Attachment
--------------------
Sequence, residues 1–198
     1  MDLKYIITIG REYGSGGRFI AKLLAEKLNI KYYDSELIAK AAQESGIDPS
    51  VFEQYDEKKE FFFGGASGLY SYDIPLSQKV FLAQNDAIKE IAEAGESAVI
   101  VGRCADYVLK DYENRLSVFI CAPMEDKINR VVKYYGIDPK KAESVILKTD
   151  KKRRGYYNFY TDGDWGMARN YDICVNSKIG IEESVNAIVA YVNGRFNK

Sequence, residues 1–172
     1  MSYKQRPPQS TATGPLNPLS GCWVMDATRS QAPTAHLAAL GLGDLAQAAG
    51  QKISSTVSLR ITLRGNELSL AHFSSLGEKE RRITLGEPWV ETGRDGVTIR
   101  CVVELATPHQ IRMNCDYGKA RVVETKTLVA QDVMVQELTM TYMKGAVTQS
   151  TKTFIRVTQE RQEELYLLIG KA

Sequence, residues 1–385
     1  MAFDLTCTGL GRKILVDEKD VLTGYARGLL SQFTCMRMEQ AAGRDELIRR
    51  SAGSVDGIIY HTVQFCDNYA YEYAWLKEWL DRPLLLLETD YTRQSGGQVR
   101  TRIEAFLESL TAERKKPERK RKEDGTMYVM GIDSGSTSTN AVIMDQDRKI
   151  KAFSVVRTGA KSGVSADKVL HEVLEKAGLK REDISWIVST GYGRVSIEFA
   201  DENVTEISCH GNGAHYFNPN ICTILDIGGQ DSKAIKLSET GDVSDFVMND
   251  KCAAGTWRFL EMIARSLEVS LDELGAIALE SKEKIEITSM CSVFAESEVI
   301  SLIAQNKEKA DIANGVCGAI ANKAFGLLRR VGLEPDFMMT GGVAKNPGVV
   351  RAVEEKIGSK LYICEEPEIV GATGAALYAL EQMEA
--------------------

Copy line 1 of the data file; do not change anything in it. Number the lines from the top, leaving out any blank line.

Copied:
Sequence, residues 1–198